VP Faure meets retirees


VP Faure during his meeting with (from l to r) Messrs Pierre-Louis, Palmyre and Chetty

The three long-serving employees -- David Chetty, Peter Pierre-Louis and Robert Palmyre – met VP Faure at State House last week.

Mr Chetty was the director of the National Conservatoire of Performing Arts, Mr Pierre-Louis the director of policy planning in the department of culture, and Mr Palmyre the manager of trade licensing processes at the Seychelles Licensing Authority (SLA).

Mr Chetty has retired after 47 years in the public service, while Mr Pierre-Louis (34 years of service) and Mr Palmyre (41 years of service) are about to retire.

VP Faure has since last year been meeting retirees as a gesture to show the government’s appreciation and gratitude to people who have spent long years of service in the public sector.

Like others before them, Messrs Chetty, Pierre-Louis and Palmyre received a letter and a small token of appreciation.
The three men were accompanied at State House by public administration principal secretary Jessie Esparon and SLA chief executive Marise Berlouis.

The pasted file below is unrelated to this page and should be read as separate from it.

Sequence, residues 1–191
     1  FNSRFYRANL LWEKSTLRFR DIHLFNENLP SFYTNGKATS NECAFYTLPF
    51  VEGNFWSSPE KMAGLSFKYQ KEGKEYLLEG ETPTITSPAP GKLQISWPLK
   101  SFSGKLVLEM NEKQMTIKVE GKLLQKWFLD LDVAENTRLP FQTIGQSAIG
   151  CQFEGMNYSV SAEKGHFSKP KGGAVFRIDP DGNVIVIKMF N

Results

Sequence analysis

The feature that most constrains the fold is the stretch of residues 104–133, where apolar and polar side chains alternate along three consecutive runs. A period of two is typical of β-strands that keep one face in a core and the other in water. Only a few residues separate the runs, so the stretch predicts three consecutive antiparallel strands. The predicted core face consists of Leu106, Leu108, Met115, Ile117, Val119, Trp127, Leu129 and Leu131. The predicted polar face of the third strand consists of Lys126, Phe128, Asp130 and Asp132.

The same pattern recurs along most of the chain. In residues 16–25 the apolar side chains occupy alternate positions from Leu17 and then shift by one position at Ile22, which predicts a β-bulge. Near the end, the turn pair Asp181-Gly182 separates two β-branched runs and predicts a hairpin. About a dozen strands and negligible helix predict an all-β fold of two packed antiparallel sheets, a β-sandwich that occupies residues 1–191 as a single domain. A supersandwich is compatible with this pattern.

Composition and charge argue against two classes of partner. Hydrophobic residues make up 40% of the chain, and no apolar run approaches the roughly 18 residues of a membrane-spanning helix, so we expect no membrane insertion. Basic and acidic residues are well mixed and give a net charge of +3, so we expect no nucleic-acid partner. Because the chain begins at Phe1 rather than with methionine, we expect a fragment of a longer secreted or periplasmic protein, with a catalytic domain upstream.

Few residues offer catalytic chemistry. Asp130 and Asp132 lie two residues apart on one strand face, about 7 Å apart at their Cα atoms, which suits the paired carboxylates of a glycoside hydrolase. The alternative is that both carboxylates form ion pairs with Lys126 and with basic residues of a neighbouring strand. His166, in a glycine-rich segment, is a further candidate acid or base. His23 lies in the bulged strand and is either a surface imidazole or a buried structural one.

Welcoming them, Mr Faure said the government and the people of Seychelles recognise and appreciate their devotion and invaluable contributions to the development of Seychelles and the well-being of the people.

“Your contributions have led to the development of Seychelles and the fulfilment of the people. We know that whatever you will be doing, you will still be contributing in one way or another to your country’s development,” said Mr Faure.
Mr Palmyre, who has worked as a prison superintendent and immigration officer before spending the remaining 23 years of his formal employment at the SLA, said he will now take a break and will later decide what to do.

“I have contributed a lot and now it is time to make space for the younger generation,” said Mr Palmyre.
After working for some time within the ministry of education, Mr Pierre-Louis has spent his longest time of service in the department of culture.

“I will always have work to do because for me there is no real retirement,” said Mr Pierre- Louis, who added that he will still be around doing consultancy work for the culture department.

Mr Chetty spent 37 long years as a teacher and head teacher in several schools around the country before taking up the post of  director of the National Conservatoire of Performing Arts where he spent another 10 years before retiring.
Today Mr Chetty said he has no regrets and really appreciates what he has achieved.

“I have always worked with young people and today my greatest joy is seeing them having become successful adults,” said Mr Chetty, who added that he will be taking some good rest and give a helping hand in a family business venture.

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